While walking to my classroom this morning to open it up and get it ready for my first class after final exams I saw this poor kid standing in the middle of the path running through a courtyard that is surrounded by four buildings on my high school’s campus . . .

As I got closer I could hear him yelling/chanting what I think was his name, his class number, and something else I couldn’t understand.  As I walked past him I looked at his face to see what he was feeling–and saw that he was crying.  His tone of voice was quite upset too.

I don’t know why he was crying or what he was upset about but I felt sad for  him standing out there all alone . . . I wondered if he was protesting some sort of injustice that had been done to him, or a friend, or what terrible thing had happened that would make him cry openly and stand all alone in one of the most visible spots on the campus where nearly every teacher and student would be able to see and hear him . . .

I hope someone tells him that high school is not forever, and that things have a way of working themselves out (most of the time, anyways).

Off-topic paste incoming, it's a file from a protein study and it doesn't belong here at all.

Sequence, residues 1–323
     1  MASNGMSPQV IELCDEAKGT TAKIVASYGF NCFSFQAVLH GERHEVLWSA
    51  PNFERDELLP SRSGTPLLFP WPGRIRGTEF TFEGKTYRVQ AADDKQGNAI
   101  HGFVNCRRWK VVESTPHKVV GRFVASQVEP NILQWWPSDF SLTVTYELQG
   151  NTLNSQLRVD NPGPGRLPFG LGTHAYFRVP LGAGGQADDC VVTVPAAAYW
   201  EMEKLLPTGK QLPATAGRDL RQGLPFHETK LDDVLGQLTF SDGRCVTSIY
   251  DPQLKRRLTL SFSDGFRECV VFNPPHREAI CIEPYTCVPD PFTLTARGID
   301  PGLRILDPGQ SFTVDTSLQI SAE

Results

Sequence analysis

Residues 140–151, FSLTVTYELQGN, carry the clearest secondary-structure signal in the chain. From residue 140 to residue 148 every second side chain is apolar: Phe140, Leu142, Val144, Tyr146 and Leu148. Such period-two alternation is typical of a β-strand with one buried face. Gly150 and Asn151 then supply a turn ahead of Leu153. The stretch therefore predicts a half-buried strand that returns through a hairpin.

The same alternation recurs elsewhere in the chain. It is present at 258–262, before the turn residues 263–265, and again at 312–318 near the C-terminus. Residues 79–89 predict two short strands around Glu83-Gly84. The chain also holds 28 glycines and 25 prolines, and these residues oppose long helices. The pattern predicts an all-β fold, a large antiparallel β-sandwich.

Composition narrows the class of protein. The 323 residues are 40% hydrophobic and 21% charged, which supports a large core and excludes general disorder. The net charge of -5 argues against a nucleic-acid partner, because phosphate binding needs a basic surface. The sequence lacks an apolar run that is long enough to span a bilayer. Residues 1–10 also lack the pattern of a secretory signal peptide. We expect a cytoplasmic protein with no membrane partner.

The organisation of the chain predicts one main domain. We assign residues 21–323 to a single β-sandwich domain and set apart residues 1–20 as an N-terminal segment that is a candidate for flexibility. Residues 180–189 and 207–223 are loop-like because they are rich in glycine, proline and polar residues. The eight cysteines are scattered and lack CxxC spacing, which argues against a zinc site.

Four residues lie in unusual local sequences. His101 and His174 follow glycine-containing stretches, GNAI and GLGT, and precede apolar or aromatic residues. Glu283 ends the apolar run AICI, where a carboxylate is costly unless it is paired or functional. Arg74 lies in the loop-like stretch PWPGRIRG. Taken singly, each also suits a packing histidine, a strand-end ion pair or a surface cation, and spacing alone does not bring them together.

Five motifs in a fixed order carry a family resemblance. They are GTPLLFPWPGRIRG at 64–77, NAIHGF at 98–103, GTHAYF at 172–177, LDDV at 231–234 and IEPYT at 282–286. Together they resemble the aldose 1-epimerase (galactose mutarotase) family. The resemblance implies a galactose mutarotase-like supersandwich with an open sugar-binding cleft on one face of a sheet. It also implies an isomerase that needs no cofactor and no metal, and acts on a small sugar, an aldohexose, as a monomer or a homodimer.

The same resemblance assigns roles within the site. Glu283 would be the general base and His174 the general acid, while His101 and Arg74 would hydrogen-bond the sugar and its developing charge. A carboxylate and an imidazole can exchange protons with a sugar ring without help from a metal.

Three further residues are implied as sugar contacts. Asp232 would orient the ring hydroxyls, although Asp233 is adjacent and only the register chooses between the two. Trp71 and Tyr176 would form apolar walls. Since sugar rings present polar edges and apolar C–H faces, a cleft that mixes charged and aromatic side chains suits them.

On another note, just after the class time chimes went off for my first class of the day a Korean English teacher came to the door of my classroom to ask me if she could let students know their English essay test scores.  I said yes, of course, and stood back and watched as she let students come up and check their scores.

Regardless of how long I’ve been in Korea it still shocks me every time to see how openly test scores are given to students.  The two guys on the right kept hooting and hollering and making comments about every student’s score as each walked up to check . . . and this is normal for public school classroom culture. (Oh yeah, the two guys on the right were also flipping through the test sheets looking at other students’ grades–nice.)

You have to wonder how this contributes to the overall stress of students in Korea, and hope that in the future things change to a more confidentiality-based test culture.

J

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